Looks like O'Neill's made a twat of himself again.
We are now used to the Telegraph’s Brendan O’Neill wheeling out his increasingly tired rhetoric about the “hand-wringing” middle classes. Now his lazy method of attack has left him looking rather silly. On Tuesday he took the opportunity to smear Calum’s List, a website dedicated to compiling information about those deaths, particularly suicides, where welfare reform has been “alleged to have had some culpability”.
O’Neill used Calum’s List to exemplify what he called the “highly patronising… victorian-style pity-politics” of the campaign against welfare reform. Such campaigners, he said, lack “any constituency of grassroots support, any backing from ordinary people, and so must try to raise an army of dead people instead”. He contrasted such “pity politics” with what he saw as the much better “politics of solidarity”. Calum’s List he said were “exploiting” suicide victims.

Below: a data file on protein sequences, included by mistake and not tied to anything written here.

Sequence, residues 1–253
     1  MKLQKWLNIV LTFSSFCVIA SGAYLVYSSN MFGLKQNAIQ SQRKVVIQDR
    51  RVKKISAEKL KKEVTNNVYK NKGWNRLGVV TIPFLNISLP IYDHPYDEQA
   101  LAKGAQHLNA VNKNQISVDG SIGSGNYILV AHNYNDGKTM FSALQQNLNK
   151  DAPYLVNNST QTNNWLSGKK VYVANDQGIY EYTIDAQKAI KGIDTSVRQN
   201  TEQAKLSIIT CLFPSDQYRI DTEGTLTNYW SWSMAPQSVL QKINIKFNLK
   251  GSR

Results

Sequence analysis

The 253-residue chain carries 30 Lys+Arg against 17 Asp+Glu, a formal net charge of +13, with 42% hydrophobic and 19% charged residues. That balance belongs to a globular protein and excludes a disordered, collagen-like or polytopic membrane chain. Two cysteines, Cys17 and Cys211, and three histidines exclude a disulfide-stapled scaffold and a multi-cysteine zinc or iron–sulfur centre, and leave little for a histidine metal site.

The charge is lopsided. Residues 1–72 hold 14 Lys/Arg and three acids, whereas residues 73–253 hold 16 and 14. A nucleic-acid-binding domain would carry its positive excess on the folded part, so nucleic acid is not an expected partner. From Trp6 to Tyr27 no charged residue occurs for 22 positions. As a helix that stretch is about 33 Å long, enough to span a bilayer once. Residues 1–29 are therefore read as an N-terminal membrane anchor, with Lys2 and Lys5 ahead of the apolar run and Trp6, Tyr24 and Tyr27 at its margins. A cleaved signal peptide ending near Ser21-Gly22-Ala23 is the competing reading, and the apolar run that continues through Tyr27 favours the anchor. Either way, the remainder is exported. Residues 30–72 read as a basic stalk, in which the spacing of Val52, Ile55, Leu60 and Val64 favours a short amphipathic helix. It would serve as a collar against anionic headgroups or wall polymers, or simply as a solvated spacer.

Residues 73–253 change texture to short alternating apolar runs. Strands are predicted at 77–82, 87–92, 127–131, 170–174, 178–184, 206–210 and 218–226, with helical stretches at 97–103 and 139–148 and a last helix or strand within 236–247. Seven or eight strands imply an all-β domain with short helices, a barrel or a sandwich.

The response from Calum’s List illustrated, with absolute clarity, the sheer baselessness of these assertions:
Calum’s List is written by the disabled, and by people who are bereft… a group of disabled people, widows, widowers, bereaved parents and orphans trying to find a voice
O’Neill’s line of attack, in other words, is simply irreconcilable with the reality of who Calum’s List are. They are not pity-mongers coming in from on high to pick over the carcases of dead benefits claimants. They are the disabled, who rely upon benefits, and the loved ones of those who have died. They are people binding together for collective self-defence – a phenomenon typically described, by everybody except perhaps Brendan O’Neill, as “solidarity”.